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Postby Stargazer » Fri Feb 10, 2012 3:48 pm

It is amazing to see those early Dundee photos when it really looked no different than any other west Omaha barren wasteland subdivision.  This town really was built on the treeless plains.

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Postby icejammer » Fri Feb 10, 2012 3:57 pm

l-dude wrote:I don't recall reading a post on here about if this subterranean route is still open (I'm guessing one cannot go from Brandeis north into the FNB basement).


Yes, you can walk underground from Brandeis to the First Data center at 16th and Capitol (and the parking garage across the street), going though FNB.
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Postby ShawJ » Fri Feb 10, 2012 4:00 pm

Stargazer wrote:It is amazing to see those early Dundee photos when it really looked no different than any other west Omaha barren wasteland subdivision.  This town really was built on the treeless plains.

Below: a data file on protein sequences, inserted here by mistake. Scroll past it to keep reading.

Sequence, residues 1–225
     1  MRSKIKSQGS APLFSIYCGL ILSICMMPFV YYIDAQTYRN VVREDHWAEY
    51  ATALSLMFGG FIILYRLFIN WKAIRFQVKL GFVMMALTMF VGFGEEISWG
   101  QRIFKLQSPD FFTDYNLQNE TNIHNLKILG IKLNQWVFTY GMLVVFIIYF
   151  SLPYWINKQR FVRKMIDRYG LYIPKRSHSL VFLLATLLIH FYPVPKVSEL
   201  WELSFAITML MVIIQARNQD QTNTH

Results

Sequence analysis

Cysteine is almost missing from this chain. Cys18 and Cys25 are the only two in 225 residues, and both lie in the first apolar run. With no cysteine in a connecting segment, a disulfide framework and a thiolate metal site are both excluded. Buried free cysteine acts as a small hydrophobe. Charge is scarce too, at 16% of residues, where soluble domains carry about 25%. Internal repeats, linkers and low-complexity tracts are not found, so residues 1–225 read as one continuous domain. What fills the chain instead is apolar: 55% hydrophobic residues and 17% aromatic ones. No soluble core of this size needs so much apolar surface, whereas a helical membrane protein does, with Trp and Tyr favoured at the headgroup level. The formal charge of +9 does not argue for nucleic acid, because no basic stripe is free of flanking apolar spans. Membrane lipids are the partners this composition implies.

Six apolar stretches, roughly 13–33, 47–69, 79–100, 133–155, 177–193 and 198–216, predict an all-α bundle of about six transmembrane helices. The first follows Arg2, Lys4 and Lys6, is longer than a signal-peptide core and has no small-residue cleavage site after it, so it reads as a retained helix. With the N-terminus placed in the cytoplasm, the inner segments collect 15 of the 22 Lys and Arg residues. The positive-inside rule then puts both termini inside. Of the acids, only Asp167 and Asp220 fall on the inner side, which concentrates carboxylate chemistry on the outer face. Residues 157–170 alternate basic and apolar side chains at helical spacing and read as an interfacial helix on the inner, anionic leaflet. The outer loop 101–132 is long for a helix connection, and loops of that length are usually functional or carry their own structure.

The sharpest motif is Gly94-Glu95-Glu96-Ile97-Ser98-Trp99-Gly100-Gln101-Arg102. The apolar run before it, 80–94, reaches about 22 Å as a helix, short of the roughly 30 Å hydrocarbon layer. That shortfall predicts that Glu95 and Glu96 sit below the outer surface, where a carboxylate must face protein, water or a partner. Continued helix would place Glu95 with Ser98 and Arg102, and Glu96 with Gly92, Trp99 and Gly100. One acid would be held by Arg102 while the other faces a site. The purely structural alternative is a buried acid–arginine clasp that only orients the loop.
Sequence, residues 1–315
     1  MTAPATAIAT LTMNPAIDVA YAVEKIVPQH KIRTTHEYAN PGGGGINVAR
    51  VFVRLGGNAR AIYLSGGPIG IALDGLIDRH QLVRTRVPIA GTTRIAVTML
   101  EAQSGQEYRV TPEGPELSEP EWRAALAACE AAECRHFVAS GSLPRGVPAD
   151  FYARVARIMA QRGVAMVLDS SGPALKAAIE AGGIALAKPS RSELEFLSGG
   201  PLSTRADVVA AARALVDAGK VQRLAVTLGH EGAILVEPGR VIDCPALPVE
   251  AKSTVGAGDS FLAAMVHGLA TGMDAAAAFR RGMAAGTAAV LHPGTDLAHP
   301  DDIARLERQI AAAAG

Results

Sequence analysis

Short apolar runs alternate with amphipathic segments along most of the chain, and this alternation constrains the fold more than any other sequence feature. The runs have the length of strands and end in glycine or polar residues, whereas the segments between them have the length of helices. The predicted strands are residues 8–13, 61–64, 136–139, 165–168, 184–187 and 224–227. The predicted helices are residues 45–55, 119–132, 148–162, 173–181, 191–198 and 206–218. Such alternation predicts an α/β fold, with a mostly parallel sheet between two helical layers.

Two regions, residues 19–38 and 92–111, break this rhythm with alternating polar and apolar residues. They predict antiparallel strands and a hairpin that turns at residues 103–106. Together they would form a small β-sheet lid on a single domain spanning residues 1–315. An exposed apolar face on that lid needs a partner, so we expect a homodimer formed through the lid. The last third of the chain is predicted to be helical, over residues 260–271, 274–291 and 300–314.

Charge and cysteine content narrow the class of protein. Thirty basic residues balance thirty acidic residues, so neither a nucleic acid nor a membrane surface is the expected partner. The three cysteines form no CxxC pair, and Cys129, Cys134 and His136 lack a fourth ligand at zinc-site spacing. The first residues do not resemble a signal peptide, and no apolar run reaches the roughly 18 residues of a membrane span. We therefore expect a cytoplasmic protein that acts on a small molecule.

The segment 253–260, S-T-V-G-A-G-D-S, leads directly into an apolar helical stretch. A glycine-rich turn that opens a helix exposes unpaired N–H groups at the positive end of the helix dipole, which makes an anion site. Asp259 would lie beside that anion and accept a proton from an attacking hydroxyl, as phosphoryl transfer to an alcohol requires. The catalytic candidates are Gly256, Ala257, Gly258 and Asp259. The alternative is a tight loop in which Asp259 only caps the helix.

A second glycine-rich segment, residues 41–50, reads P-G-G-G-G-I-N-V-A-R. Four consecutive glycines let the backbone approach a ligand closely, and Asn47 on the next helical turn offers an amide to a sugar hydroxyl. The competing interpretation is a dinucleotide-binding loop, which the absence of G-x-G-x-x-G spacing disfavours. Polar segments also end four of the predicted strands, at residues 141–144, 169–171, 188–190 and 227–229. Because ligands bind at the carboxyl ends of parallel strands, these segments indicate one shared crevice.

Exactly what I thought when I first saw them.

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Postby StreetsOfOmaha » Sat Feb 11, 2012 9:07 am

GetUrban wrote:I love how you see so many people on the streets in the old photos, nothing like NYC, but still impressive.  Despite all of the recent progress downtown, the streets still look mostly deserted compared to then.


Actually, that level of pedestrian traffic, in many ways, is exactly like many areas of NYC, only confined to a smaller geography. And as for your last point there, I completely agree. As these photos beautifully display, even up through the 1960s, in the early stages of the downfall of American cities, Omaha's core was still teaming with vibrant, urban life---which, as I mentioned, was still far less than what would have been seen a few decades earlier (see below), but to our 21st Century eyes still looks pretty darn good. Urbanists and public intellectuals such as Mumford and Jacobs, who were actively writing about the urban condition in America during this time, saw the writing on the wall.

Image
"The right to have access to every building in the city by private motorcar in an age when everyone possesses such a vehicle is actually the right to destroy the city."
Lewis Mumford, The Highway and the City, 1963

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Postby iamjacobm » Mon Mar 12, 2012 8:05 pm

Really great picture the Old Market Facebook page posted a few days ago.

Image

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l-dude